Monday 5 September 2011

John Matthews | Creating a Tarot

John Matthews

A lot of people have asked me what goes into the creation of a tarot. Having done four decks now and worked on three oracles – I thought it was maybe time to give you all a creator’s eye view. 

First of all the situation differs a lot depending on what skills you have and who you are working with. If for example you are an artist then the only person you have to work with is yourself – and then the process is somewhat different. But if, as in my case, any drawing you do looks like a drunken doodle, then you need an artist. I've been very lucky to work with some of the best tarot artists in the world – namely Wil Kinghan, Will Worthington, Miranda Gray and Giovanni Casselli. 

And let me say right now, that if you have an idea for a tarot yourself, it’s a good idea to find a good artist first. Then, when you go in to see your potential publisher, you are ready. Some people we know ended up with an artist whose work they really weren’t happy with because the publisher chose them.

What usually happens is that I come up with an idea - let's say for The Grail Tarot, published in 2001. In this instance I knew that I wanted imagery that reflected the Medieval quality of the Grail quest, and I also wanted the cards to create a single freeze when they were laid side by side - a bit like the kind of cartoons that many of the Medieval painters created, in which several events, separated by time, were still taking place in the same frame. Giovanni Casselli immediately understood what I wanted and was able to produce some extraordinary images, drawing upon existing art from the Middle Ages which he then turned into the pictures I described.

A lot of people think that the creator of a tarot simply says to the artist ‘I'd like you to draw some pictures based on the Grail - or the Wildwood - or the Arthurian legends.” But what actually happens is that I write descriptions - as detailed as I can - of what I think each image should look like and what symbolism it should contain. Then I give these to the artist, and hopefully, in a few weeks or months, I start getting pictures sent to me. There's nothing quite like the feeling you get when you first see things you imagined actually represented as a piece of art. It's a bit like having someone walking around inside your head, looking at the picture gallery that is up there, and copying it down.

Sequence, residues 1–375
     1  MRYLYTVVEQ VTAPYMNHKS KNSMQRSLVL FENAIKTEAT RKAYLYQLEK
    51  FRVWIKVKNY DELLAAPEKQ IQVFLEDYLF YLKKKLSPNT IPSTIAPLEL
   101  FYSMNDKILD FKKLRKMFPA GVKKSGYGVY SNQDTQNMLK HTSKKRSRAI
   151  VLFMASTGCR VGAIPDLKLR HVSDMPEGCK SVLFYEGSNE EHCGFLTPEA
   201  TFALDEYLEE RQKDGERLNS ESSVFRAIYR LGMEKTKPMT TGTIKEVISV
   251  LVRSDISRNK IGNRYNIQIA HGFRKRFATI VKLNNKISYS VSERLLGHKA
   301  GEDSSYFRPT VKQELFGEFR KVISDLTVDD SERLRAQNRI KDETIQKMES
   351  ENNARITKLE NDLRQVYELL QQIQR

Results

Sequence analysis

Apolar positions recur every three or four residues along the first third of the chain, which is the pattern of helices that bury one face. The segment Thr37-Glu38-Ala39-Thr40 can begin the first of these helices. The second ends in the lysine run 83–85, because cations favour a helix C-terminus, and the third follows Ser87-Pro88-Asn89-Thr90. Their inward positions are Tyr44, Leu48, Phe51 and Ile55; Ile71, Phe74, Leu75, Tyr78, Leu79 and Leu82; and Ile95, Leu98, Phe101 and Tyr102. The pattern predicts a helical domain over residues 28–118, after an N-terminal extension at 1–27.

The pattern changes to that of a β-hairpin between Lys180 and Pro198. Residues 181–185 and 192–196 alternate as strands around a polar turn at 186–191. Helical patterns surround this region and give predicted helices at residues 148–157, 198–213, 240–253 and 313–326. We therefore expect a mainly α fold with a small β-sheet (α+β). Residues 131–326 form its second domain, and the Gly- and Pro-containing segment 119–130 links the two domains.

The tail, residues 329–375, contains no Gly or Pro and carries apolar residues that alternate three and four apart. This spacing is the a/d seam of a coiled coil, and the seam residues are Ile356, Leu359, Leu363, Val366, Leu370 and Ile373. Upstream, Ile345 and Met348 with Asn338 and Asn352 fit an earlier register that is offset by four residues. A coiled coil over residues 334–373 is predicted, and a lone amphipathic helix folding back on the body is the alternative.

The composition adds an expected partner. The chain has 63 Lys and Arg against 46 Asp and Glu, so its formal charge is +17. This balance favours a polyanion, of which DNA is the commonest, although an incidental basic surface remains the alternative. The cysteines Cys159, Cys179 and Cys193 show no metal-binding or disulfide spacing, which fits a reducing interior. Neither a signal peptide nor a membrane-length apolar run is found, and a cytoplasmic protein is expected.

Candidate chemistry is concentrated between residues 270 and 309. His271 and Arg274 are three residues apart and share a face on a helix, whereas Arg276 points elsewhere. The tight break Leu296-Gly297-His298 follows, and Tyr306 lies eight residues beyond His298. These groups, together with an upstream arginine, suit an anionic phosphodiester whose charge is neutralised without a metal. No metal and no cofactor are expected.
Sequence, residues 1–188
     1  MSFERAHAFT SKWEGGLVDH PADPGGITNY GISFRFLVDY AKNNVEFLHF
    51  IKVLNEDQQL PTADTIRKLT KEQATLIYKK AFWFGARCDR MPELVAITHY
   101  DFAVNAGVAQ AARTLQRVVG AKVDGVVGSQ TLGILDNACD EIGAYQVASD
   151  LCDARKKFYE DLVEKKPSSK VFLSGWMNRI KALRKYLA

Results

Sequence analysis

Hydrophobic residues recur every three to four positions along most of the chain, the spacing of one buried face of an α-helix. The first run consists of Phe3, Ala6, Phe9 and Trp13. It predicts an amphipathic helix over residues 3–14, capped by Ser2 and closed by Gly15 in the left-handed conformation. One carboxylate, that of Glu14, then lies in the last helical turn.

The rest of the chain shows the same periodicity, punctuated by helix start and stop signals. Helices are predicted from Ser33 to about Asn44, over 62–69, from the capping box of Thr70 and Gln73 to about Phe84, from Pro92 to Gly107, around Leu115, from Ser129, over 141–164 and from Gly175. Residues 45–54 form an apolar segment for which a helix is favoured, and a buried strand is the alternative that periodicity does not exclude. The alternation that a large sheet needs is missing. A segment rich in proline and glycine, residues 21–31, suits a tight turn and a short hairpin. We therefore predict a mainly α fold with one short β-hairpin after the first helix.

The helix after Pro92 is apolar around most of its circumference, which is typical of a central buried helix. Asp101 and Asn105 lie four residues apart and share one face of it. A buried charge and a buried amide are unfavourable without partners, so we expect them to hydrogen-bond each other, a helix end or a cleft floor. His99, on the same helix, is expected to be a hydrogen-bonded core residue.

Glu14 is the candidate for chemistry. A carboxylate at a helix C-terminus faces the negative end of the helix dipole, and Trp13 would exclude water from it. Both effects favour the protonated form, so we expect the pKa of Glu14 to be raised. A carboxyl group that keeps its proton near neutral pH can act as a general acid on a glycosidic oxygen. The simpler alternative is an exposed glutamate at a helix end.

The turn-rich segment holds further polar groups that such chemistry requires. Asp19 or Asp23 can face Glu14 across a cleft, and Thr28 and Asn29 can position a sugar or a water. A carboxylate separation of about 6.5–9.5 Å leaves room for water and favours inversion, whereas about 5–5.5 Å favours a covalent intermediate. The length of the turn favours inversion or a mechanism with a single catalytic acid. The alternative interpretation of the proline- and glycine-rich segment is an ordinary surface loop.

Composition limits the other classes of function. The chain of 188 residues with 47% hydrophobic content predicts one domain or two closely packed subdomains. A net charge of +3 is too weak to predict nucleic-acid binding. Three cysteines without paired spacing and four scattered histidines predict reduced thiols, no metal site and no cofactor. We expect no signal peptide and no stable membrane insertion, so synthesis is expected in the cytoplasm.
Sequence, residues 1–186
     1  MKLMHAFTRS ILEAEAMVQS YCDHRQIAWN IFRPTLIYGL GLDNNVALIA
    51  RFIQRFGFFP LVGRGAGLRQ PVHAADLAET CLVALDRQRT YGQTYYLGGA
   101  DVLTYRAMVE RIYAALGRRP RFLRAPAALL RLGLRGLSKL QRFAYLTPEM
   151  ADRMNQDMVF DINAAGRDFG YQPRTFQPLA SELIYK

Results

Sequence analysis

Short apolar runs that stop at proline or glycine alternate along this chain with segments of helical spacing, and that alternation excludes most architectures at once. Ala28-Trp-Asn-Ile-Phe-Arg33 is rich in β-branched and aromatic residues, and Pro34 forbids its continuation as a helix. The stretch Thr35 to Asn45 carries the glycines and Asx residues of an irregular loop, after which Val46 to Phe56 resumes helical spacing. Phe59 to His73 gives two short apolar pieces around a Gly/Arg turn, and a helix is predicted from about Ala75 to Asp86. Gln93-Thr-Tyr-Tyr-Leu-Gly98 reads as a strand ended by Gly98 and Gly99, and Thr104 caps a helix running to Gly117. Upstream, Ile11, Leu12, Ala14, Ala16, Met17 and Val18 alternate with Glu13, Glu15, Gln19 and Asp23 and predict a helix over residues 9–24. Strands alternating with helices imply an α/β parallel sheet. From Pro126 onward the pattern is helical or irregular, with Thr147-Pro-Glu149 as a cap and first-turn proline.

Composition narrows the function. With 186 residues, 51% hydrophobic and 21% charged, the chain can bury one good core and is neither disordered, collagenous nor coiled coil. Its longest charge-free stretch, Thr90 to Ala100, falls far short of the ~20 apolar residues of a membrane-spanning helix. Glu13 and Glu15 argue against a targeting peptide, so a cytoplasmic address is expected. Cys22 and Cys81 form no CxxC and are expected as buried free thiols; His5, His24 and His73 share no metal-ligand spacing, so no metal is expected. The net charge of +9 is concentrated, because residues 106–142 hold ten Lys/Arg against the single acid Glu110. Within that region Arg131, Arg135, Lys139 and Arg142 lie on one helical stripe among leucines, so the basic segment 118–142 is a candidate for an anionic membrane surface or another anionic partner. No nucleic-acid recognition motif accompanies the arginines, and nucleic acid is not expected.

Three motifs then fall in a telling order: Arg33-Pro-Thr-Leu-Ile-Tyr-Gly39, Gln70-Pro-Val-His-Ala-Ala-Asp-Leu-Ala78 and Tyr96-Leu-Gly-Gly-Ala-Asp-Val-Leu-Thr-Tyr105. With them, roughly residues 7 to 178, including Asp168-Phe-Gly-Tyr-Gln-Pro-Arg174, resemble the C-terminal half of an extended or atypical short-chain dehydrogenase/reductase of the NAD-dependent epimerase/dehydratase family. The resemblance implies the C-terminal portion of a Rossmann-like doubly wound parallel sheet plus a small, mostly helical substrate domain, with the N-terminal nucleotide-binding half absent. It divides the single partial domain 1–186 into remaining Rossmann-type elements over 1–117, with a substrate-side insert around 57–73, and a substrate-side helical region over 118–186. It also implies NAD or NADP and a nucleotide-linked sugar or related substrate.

Of course, inevitably, the artist's vision doesn't always coincide exactly with mine, and it is then that we sit down, if possible over several glasses of wine, and discuss the whole thing. This is all part of the process by which a raw idea becomes a tarot.

By this time, hopefully, there's a publisher involved. Which is a good thing for all concerned, as it generally means that we get paid! I must say that I've generally been very lucky with the publishers I’ve worked with, who are usually very sensitive to the original vision, and hardly ever get in the way, except occasionally to separate the artist and the writer into separate corners ... 

So, in most instances, the stages are this. I come up with an idea, I show it to the artist, or the publisher, who sometimes will find an artist for you (this was what happened with The Grail Tarot, and I'm enormously grateful to my editor at Eddison-Sadd for teaming up with Giovanni.) If I already know which artist I want to work with, and if they are free and agreeable, and the publisher likes them, we start working together on the creation of the deck. This can take anything up to two years to complete, depending on how many other things I'm doing, and how many other things the artist is doing.

With The Wildwood Tarot the process was a little different. First of all, there was an already existing text and cards which had previously been created by Mark Ryan, with the collaboration of the artist Chesca Potter nearly 20 years ago. As we had been unable to contact Chesca, we had to look for new artist. I had worked on several decks with Will Worthington and loved his work. Once Mark saw them he agreed that this was the best artist we could wish for.

So, with Will on board, Mark and I set out to redesign the cards, basing them on many of the original concepts from The Greenwood Tarot, but allowing ourselves the freedom to find new expressions for ideas included in the original pack. We also wanted to expand the original ideas and add detailed meanings to the minor arcana, which originally had only a couple of lines. Together we reinvented The Greenwood Tarot, taking it back to its more primitive, pre-Celtic level, and in the end making something completely new. 

Then it was over to Will, to whom we provided detailed descriptions for the new imagery. With a couple of minor exceptions he got it right away, and the results were even more spectacular than we could have hoped for.

So this is something about the way in which a tarot is created. There's no space here to talk about the intricacies of Tarot meanings. Over the years I've learned these pretty thoroughly, so that when I sit down with a new concept, or a new deck, I'm usually able to write the meanings straightaway. If I'm not sure about any, I turn to my wife Caitlin, who is herself a considerably experienced tarot reader and creator, and in most cases she gets me out of a sticky corner if I need it. 

I hope this answers a few of the questions about how a tarot comes into being. And of course I hope you enjoy working with what emerges in the end – in this instance The Wildwood Tarot!

1 comment:

  1. John, lovely to see you post and to read your comments on how The Wildwood (and other decks!) were created!

    Blessings to you and to Caitl├Čn!

    Priestess Tarot